Des Plaines, Ill. — Through formal information exchange agreements with three private companies, the National Insurance Crime Bureau (NICB), Des Plaines, Ill., a not-for-profit organization exclusively dedicated to preventing, detecting and defeating insurance fraud and vehicle theft through information analysis, investigations, training and public awareness, has proactively increased its efforts to detect and identify stolen vehicles.
As of July 31, 2008, the data sharing effort with CARCO Group Inc., Holtsville, N.Y., Dublin-based Experian and Carfax, Fairfax, Va., has identified 200 stolen vehicles with a combined value of $3,419,623.
CARCO, Experian Automotive and Carfax each have worked with NICB to identify suspect vehicle identification numbers (VINs) of several thousand vehicles which they process within their unique business environments.
CARCO performs pre-insurance physical damage vehicle inspections in more than 20 states, and provides NICB access to vehicle-specific data relating to those inspections. Typically a CARCO inspection will contain photographs of a vehicle's VIN and federal certificate along with vehicle options, accessories and damage. Over a period of more than 30 years, CARCO has developed multi-tiered automated and manual inspection expertise in recognizing "suspect" VINs—those appearing to be manipulated or altered—and will often refer those VINs to NICB for additional investigation. Numerous stolen vehicles have been identified and recovered from CARCO leads.
Recently, acting on information provided by CARCO, NICB identified several domestic and foreign luxury vehicles, which had been cloned, re-tagged or were displaying counterfeit VINs. During the recovery of these stolen vehicles, NICB identified and recovered additional stolen vehicles at various locations.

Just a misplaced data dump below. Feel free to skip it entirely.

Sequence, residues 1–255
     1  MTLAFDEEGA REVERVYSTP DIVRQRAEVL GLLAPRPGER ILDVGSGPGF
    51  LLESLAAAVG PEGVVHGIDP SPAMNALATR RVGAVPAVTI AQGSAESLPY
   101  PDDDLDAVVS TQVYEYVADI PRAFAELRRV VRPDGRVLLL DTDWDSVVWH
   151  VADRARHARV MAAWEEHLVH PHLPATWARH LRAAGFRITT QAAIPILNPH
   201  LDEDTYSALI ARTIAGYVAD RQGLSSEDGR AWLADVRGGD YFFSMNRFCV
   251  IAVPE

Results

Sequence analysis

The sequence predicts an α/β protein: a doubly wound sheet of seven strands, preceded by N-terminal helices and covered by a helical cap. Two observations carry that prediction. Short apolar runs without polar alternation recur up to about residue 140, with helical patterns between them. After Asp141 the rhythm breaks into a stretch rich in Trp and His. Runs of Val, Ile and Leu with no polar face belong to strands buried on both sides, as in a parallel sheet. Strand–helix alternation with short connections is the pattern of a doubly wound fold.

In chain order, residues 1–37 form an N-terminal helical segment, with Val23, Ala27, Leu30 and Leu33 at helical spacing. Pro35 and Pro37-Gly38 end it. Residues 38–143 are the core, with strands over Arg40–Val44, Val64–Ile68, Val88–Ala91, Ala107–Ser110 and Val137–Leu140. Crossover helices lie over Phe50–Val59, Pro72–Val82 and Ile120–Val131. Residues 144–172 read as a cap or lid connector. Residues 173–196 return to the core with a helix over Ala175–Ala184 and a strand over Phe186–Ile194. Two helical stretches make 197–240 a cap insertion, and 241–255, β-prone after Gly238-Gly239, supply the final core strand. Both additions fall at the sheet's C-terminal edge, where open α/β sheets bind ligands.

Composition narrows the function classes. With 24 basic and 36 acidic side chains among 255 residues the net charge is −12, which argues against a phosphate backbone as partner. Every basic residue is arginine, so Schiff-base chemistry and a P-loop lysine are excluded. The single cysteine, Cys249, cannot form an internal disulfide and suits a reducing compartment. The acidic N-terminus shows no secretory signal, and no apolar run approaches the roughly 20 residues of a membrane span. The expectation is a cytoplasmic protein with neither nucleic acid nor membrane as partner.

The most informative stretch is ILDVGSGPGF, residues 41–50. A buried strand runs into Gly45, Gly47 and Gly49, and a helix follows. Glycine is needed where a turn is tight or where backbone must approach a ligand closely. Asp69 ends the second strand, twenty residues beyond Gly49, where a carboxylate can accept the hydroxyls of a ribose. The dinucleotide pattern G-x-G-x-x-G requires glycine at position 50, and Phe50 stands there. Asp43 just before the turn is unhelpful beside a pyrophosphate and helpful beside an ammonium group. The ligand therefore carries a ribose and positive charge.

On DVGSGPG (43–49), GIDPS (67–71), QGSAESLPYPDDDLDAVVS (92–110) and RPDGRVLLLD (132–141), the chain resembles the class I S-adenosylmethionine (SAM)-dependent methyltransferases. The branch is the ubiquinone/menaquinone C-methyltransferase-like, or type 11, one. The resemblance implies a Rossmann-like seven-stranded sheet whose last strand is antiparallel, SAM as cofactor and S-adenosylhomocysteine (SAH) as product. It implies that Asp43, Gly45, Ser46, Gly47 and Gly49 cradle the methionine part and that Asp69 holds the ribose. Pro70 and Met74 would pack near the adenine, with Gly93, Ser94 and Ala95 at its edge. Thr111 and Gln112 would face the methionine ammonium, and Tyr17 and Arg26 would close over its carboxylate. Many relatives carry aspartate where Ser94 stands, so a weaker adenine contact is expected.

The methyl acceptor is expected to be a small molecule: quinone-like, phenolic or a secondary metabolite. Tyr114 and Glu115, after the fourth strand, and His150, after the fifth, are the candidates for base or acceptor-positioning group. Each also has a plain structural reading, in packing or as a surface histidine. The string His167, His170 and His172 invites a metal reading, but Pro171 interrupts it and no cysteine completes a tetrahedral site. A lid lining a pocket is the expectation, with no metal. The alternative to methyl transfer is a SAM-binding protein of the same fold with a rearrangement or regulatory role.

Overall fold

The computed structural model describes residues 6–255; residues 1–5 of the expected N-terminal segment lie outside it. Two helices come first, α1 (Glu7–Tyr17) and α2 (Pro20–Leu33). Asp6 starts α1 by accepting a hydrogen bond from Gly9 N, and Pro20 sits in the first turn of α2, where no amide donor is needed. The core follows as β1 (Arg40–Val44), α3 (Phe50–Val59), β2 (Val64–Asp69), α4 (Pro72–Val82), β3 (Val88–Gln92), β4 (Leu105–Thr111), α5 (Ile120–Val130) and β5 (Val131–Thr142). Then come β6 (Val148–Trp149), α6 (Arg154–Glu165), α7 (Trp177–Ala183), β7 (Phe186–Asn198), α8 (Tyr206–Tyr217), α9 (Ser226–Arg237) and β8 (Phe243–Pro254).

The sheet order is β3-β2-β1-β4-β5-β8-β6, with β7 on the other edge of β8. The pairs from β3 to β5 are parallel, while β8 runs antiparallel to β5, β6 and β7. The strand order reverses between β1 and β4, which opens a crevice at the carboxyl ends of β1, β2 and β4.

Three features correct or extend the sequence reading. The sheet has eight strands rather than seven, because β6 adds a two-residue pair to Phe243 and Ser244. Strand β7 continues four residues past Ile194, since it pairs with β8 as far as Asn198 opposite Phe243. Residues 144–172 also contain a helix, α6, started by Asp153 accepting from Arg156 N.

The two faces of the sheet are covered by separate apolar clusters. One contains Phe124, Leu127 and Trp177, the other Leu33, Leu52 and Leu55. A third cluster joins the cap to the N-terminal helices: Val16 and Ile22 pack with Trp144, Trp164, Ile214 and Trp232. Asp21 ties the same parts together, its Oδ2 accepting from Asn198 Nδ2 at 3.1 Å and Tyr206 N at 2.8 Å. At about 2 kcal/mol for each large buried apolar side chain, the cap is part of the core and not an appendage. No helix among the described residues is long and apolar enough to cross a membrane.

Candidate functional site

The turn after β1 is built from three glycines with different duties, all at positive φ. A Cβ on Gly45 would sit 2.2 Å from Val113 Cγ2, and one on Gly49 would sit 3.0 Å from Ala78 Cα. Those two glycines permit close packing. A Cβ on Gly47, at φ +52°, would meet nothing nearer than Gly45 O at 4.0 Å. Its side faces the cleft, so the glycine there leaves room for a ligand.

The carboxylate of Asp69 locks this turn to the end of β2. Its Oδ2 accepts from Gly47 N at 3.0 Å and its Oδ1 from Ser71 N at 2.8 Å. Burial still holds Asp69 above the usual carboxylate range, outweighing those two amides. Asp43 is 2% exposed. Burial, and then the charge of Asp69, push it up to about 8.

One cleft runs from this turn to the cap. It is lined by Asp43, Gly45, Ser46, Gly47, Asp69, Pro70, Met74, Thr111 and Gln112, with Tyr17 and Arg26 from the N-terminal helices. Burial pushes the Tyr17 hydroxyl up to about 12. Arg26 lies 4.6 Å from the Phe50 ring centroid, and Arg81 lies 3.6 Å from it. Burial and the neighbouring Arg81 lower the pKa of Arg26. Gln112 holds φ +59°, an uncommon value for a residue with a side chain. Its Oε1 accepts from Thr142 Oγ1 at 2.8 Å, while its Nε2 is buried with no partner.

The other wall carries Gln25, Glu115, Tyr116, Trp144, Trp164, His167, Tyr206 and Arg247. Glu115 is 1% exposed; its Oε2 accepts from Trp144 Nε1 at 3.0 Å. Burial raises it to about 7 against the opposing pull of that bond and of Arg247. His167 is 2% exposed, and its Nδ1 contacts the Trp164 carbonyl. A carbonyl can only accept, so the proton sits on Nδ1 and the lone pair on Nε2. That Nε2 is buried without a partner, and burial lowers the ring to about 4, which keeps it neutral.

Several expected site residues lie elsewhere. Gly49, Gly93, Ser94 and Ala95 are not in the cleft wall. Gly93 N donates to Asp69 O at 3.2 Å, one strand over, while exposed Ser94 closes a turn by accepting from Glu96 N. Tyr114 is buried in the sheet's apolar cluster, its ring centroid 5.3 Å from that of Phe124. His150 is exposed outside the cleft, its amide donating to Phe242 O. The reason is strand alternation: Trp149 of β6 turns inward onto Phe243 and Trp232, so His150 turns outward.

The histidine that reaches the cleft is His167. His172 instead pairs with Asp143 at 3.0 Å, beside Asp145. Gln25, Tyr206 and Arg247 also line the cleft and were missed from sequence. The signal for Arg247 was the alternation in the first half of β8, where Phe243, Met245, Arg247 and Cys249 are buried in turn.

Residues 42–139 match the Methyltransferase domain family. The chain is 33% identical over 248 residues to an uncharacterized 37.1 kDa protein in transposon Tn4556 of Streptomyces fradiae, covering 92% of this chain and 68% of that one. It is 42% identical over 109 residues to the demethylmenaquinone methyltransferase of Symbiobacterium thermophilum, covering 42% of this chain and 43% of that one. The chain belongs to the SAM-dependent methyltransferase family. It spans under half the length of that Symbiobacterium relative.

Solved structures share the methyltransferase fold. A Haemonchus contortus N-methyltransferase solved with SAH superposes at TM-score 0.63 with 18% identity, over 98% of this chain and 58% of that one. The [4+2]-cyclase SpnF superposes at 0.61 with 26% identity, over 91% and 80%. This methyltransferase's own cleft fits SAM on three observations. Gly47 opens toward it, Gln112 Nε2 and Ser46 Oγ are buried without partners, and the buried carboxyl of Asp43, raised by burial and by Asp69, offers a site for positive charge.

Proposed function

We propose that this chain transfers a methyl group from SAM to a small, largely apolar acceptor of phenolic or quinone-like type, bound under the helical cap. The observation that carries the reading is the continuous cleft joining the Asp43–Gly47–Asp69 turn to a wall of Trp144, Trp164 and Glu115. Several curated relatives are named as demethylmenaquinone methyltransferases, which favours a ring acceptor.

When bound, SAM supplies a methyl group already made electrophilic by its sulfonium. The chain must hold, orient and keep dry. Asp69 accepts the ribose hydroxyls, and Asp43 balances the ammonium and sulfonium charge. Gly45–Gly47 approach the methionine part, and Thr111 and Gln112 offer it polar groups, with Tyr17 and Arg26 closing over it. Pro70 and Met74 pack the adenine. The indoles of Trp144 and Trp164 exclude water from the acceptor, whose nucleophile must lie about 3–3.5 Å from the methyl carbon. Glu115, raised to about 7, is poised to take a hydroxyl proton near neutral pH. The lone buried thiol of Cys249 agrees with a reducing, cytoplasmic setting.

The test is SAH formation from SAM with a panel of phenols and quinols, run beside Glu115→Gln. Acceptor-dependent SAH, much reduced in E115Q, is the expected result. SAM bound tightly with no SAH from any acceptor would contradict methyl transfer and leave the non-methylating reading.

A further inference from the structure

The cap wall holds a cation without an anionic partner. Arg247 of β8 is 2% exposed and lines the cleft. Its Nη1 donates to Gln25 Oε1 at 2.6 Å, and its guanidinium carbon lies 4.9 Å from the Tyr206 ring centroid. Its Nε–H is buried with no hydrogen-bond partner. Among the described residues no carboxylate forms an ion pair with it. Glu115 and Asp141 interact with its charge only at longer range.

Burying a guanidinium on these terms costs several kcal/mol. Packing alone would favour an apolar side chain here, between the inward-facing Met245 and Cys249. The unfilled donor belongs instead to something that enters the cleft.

Experian Automotive has been providing data sets to NICB containing VINs that meet specific "indicators" of insurance fraud and/or vehicle theft. Through its AutoCheck vehicle history reports, Experian has the unique ability to query their data with those indicators that have been identified by NICB analysts as consistently evident in stolen vehicle trafficking.
In a recent example, NICB analysts asked Experian Automotive to research registration data on a given year make and model vehicles that were suspected of being registered with specific altered VIN patterns. This joint cooperation resulted in the recovery of multiple stolen vehicles in various states.
Carfax provides information to NICB on vehicles they identify as potential clones. A clone is a stolen vehicle, which carries the same VIN of a legally registered vehicle. Analyzing the nearly 6 billion vehicle records in its database, Carfax has pioneered efforts to identify various types of vehicle fraud, including VIN cloning, in vehicle history reports.
In one example, Carfax information helped identify a late model truck that had an active registration in Canada, but also had a concurrent registration in Florida. Further investigation by NICB agents determined that the Florida vehicle was stolen and registered with the Canadian VIN using an altered title from the Washington, D.C. Department of Motor Vehicles.
"This kind of cooperative information sharing arrangement among the acknowledged leaders within the vehicle history and vehicle inspection industries and NICB demonstrates the power of targeted analysis," says Joe Wehrle, president and CEO of NICB. “Vehicle theft schemes continue to evolve, and by combining the talent within each of our organizations, we are able to ferret out criminal activity that is increasingly more complex. Staying ahead of the bad guys helps keep insurance costs down for all consumers.”
Source: National Insurance Crime Bureau
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